• SMAC convergence – social channels have driven exponential data growth, mobile channels have provided broad data access, analytics have helped to monetize data, and the cloud has made storing data cheaper than ever before.
  • Rise of SMBs – growth of cloud and SaaS offerings have lowered the cost of enterprise software: rapid growth of a chronically underserved SMB software market.
  • The Digital Generation / Millennials – as baby boomers move to retirement, the workforce is gradually but meaningfully shifting towards the new digital generation of millennials.
  • Shifting Tech Budgets – we’ve seen that line of business users are driving as much as 50% of tech spend in some markets. Tech users are quickly shifting from IT to the business.

All of the above items are setting the backdrop for the future of BI. So what are the trends that will carry the BI industry forward in 2015?

Here are our top 7:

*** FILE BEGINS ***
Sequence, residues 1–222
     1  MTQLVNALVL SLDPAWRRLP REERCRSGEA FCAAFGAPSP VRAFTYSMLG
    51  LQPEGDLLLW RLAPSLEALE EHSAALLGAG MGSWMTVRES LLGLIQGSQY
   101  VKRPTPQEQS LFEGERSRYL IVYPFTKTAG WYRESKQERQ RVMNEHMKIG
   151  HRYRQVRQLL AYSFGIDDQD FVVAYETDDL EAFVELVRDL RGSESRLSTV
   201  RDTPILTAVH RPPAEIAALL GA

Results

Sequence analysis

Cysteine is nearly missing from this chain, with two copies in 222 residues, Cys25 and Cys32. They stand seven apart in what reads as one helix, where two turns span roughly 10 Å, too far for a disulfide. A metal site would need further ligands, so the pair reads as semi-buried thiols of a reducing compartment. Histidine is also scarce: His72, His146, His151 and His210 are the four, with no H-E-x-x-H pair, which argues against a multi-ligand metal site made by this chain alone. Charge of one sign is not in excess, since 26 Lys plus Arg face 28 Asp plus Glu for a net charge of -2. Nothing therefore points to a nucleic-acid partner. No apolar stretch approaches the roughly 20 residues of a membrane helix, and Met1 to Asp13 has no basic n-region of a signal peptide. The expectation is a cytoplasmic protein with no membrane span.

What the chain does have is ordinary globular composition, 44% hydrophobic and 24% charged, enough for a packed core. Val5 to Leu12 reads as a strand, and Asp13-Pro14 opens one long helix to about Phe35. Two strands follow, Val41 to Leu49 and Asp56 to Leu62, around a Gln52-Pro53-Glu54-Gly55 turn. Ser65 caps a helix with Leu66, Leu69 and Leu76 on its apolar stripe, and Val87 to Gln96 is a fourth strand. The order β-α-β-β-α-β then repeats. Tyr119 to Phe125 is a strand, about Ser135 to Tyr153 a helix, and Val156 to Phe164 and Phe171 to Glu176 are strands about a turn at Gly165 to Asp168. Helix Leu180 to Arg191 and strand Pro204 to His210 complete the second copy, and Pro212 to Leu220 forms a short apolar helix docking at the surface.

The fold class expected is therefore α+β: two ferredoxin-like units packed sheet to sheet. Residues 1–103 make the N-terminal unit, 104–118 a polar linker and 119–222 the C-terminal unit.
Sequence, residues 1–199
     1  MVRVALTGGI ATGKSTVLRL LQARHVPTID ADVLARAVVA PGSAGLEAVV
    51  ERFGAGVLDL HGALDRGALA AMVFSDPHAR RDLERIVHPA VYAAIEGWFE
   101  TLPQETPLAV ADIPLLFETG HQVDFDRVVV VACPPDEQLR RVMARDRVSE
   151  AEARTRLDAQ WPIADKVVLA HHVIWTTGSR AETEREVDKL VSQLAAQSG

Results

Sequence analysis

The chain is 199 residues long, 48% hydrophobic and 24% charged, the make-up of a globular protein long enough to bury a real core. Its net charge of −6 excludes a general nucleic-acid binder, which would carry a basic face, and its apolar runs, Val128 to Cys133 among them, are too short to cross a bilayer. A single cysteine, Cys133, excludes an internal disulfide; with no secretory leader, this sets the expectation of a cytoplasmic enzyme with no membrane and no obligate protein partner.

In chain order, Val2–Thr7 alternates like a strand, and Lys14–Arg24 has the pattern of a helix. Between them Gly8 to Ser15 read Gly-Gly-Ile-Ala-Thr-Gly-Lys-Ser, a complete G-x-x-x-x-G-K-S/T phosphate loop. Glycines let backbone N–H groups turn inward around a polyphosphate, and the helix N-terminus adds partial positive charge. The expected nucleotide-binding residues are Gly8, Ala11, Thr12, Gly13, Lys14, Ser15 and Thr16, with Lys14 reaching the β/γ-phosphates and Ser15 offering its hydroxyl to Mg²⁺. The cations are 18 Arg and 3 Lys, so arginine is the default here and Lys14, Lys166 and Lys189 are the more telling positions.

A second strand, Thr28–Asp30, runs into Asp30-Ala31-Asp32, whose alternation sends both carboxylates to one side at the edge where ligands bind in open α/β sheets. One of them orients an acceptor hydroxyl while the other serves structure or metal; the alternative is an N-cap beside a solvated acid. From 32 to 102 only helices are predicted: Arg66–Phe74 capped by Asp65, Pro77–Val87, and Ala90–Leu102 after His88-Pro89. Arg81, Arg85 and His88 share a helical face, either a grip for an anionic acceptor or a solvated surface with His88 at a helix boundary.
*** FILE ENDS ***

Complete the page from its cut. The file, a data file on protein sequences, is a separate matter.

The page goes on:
1. BI Meets UI / UX
2. Analytics for the Mere Mortal
3. Social Curation
4. Big Data is Data
5. BI Outside the Four Walls
6. Embedded Everywhere
7. Disruptive Information Economy

We’ll be going into the first three in detail in this post, and will have a second post that outlines the following four.

#1 BI Meets UI / UX

With the workforce shifting towards millenials, an increasingly influential population is demanding access to data in the same intuitive manner that they’re used to in their consumer lives. We call this the consumerization of analytics and its success or failure is largely dependent on the ability to deliver accessible and intuitive BI tools to business users. A stellar user interface (UI) and user experience (UX) is fundamental to delivering accessible and intuitive BI tools.